The Importance of “Why”

Bryan Yant

Why is “why” important when it comes to force investigations and the internal review? The who, what, when and where are the easy parts of the investigation. It’s all laid out right in front of us. We have body-worn camera footage and witness statements at our disposal during the investigation. We are all versed at discovering and investigating as officers. Yes, I said investigating. As police officers, we are all investigators. But what really matters is the why, and you need to be able to articulate your why.

Why did you make decisions based on the actions and observations you observed and perceived from the subject? Why did all of this lead you to your decision-making process based on your training and experience? Why then, based on all these factors, did you utilize a level of force? All of this was done in a time-compressed environment. All of this is critical information that needs to be articulated during the investigation and reporting. You cannot rely on body-worn camera footage alone to tell your story. Gone are the days of statements like “I was in fear for my life.” The why needs to be articulated. The entire picture needs painting as if there was no other evidence to tell your why.

The why needs to be articulated. The entire picture needs painting as if there was no other evidence to tell your why.

With access to body-worn camera footage, you cannot rely on the footage painting the perfect picture and being an actual representation of your perception and actions due to the limitations of the actual camera. Yes, the footage that is recorded is a representation of what occurred. However, the camera only records what is in its field of view and not what you see. Cameras record at varying speeds and capture the event at different frame rates. This can cause split-second actions, tactile cues and many important details to be lost potentially in millisecond gaps of the recording.

Due to the technology of the camera, it will undoubtedly see better in low-light settings than you. With this, you will rely on more contextual cues and movements in assessing P# 10201 threats the camera may miss. The lens on the camera is made to record in 2D and will not record depth of field and make objects appear closer than they really are. With all of this information and much more, two facts are clear with body-worn cameras and any other type of video evidence. First, any body-worn camera or other video evidence can never replace a thorough investigation. Secondly, the video evidence itself may need to be interrogated and forensically reviewed to extrapolate all the accurate information contained in the video and identify internal errors with the video.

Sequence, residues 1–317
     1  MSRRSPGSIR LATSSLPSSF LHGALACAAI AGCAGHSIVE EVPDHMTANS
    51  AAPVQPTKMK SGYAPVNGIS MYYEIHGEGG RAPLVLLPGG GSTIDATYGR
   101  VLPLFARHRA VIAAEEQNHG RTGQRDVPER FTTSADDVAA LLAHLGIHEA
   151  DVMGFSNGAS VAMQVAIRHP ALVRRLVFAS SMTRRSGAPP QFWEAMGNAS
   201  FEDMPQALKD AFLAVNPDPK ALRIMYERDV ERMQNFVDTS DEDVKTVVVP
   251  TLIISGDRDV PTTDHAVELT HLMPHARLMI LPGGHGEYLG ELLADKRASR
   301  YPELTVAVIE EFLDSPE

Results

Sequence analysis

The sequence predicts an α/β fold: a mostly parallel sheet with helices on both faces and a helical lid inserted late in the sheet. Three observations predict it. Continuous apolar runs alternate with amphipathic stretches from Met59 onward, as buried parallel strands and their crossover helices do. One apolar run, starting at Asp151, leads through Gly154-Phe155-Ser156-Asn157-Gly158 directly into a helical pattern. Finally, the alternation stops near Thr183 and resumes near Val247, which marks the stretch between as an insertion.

When reviewing body-worn camera footage, there may be a discrepancy between the evidence recorded and your perception and memory of the event. This is absolutely normal and expected during critical events. Our brains are processing the information we are focused on. In critical events, your brain will focus on what is necessary to survive, and it typically will filter out any non-pertinent information at the moment in time. Just because you are seeing or hearing something does not mean it is committed to memory or even comprehended and applied to your decision-making process. You also may not see or hear what the camera is recording due to time compression, speed, distance, your attentional focus and performance limitations. In the review of video evidence, any information contained in the video evidence that you did not perceive and commit to memory may be unintentionally incorporated and committed to your memory and perception of the event, which can be problematic. Investigators may ask how, if actions are clearly documented in the video evidence, could they not be seen, perceived and even known. The answer is simple: The information is clearly present on video, however, it was not processed, perceived and committed to memory.

Remember, you know the facts and why you used the force that you used. The investigators will not be able to fill in the blanks without you. It is imperative that you fill in all the blanks to fully explain and justify your actions. Let your words speak for you. Only you know what you perceived and what caused you to react utilizing the force that you did.